Territorial vs. Personal Rights. In addition to these notions, it is useful to think of language ‘rights’2 (or rights enjoyed by individual citizens) as dichotomized along a number of dimensions—-territorial versus personal, and tolerant versus promotional.
Territorial Rightsare those that can be enjoyed or exercised only within a particular part (or subjurisdiction) of the larger state (or territory). Thus in the U.S., the state of New Mexico has officialized Spanish to the extent that it can be used by legislators in the New Mexico State Assembly, even though this right is not enjoyed by Spanish speakers in adjacent territories such as Arizona or Texas. Similarly, the French language enjoys certain territorial rights in Louisiana but not in Missouri or Maine. In the former USSR, languages other than Russian had territorial rights only, while Russian speakers could expect to enjoy their ‘rights’ anywhere over the whole of Soviet territory.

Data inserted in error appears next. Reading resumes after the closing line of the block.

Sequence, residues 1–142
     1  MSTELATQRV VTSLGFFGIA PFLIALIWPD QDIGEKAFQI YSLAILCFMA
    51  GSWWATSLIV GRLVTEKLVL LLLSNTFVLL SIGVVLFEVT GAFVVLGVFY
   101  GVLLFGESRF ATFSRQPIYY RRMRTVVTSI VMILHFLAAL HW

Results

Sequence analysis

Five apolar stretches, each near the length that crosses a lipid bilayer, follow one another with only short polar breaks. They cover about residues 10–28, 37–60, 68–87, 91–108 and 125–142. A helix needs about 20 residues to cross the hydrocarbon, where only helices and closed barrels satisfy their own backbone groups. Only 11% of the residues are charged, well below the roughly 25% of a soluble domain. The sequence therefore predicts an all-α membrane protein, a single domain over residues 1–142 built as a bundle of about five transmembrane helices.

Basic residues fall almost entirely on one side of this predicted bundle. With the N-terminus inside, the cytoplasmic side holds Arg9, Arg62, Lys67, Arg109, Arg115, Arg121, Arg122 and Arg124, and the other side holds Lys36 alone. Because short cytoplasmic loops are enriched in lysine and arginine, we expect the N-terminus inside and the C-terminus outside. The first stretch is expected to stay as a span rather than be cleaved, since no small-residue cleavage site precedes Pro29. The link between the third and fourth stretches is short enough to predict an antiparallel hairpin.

Personal Rights are rights to services that are portable anywhere within the polity. Previously in Canada, French was a territorial right (only in Quebec and parts of New Brunswick) but this was then extended to be a personal right, portable to any Canadian province, even predominantly English-speaking provinces. In the former USSR, Russian speakers had personal rights, and could expect to use their language anywhere in the Soviet Union. Speakers of other mother tongues in the USSR did not have those personal rights, but only territorial rights.